The grace-gifts are the Spirit’s Internet, where all gifts and all believers are interconnected with one another, knit together for the sake of the gospel (the good news) and to be made useful to God in energizing the church to work toward the Kingdom of God.

These are not gifts given as some kind of divine reward system. No one single gift is more highly esteemed or valuable than any others. There are a variety of gifts and all gifts are needed and equally valuable to God. Diversity in the Spirit-gifts is blessed and expected. Grace gifts are continually distributed by the Spirit to all believers. Gifts are not given for the enjoyment or entertainment of the believer. We receive our gift as a significant part of our blessed existence and we are given these gifts to build up the church, using our gifts for the common good.

The goal of the Spirit seems to be to build the community. As Henri Nouwen wrote in his book, ¡Gracias!, “the mystery of ministry is that the Lord is to be found where we minister. Our care for people thus becomes the way to meet the Lord. The more we give, help, support, guide, counsel and visit, the more we receive, not just similar gifts, but the Lord himself.”[1]

Quite simply, the day the Spirit fell is about the launching of a “church Jesus dreams about – one that is on fire, (one) that speaks in other tongues, one that is a hurricane.”

My friend Burt Burleson says, “The breath of God changes everything. And though on Pentecost God seemed to exhale in an extra big way … I think God is breathing in and out and in and out all the time.”[2]

God is breathing in and out of the world and breathing life into us as a way of moving us forward, giving us courage, and animating our lives to partner with God for bearing witness.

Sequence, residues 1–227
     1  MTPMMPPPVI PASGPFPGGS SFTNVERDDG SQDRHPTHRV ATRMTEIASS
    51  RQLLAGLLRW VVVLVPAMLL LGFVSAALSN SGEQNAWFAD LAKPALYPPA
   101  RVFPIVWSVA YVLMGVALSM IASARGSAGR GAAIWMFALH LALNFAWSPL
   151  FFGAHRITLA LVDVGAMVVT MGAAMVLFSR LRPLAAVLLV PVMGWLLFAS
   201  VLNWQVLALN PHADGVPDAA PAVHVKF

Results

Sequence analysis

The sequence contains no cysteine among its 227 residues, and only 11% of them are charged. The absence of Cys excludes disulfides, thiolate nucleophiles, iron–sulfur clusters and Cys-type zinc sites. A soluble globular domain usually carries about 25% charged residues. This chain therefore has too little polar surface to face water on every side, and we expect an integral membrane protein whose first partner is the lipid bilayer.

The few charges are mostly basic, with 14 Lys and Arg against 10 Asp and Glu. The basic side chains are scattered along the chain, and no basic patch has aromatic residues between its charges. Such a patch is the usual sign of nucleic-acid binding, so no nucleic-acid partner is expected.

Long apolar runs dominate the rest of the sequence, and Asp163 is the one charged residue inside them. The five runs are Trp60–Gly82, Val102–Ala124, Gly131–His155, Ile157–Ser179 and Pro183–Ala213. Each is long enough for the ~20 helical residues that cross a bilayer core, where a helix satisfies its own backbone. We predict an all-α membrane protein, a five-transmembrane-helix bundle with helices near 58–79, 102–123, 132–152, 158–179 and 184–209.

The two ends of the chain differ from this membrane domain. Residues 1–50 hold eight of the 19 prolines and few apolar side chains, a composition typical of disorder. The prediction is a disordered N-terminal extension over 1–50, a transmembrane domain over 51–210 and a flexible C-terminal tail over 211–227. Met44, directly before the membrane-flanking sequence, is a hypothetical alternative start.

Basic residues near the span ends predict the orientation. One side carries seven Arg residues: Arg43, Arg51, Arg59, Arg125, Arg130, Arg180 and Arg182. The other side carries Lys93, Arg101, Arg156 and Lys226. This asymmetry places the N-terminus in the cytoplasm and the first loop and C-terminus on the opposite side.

Have you ever found courage you couldn’t imagine having? (Guess what? You’ve been visited by the Holy Spirit) Have you ever felt a love for someone who was an enemy? (Guess what? You’ve been visited by the Holy Spirit) Have you ever seen your prayers matter somehow? (Guess what? You’ve been visited by the Holy Spirit) Have you ever felt peace in the midst of pain or some fearful moment? (Guess what? You’ve been visited by the Holy Spirit) Have you ever dreaded something and then was shocked that what you thought was going to be terrible was wonderful? (Guess what? You’ve been visited by the Holy Spirit)

Guess what, indeed. God is breathing all the time, in and out of us, and in and out of the world. Our task is to simply breathe in the grace of God; breathe out the love of God. We breathe in the grace of God and we exhale out the love of God. When we do this spiritual exercise, we will be visited by the Holy Spirit.

Here’s one last metaphor for us to consider on this good day when we’re thinking about the work of God through the Spirit for the good of the gospel.

Imagine all the gifts of God in this room alone. In a church like this, know they’re all represented. They’re all here and ready for use. Imagine, if you can, that each grace-gift is like an instrument in a symphonic orchestra.

Some of you are like the violins, others are like the horn section. Some of you are a part of percussion section filled with all kinds of rhythm instruments. Some are violas and string basses. Some are trombones or piccolos; some are flutes and some are even marimbas! Sitting here are all the instruments of a wonderfully rich and diverse symphony. Each instrument is ready to add their music. We’re ready and waiting.

Then the conductor steps to the elevated platform and lifts the baton and every instrument comes to attention, ready to play, ready to make music together for the sake of the song and for the good of the audience gathered expectedly hoping to hear the music.

We are instruments of God, each of us. Play your part. Breathe in the grace of God. Breathe out the love of God. Let the Spirit of God make music in the world through us.

[1] Henri Nouwen, ¡Gracias! A Latin American Journal, New York: Harper & Row, 1983

[2] Burt Burleson, “Don’t Hold Your Breath,” Dayspring Church, Waco, TX, 5/19/02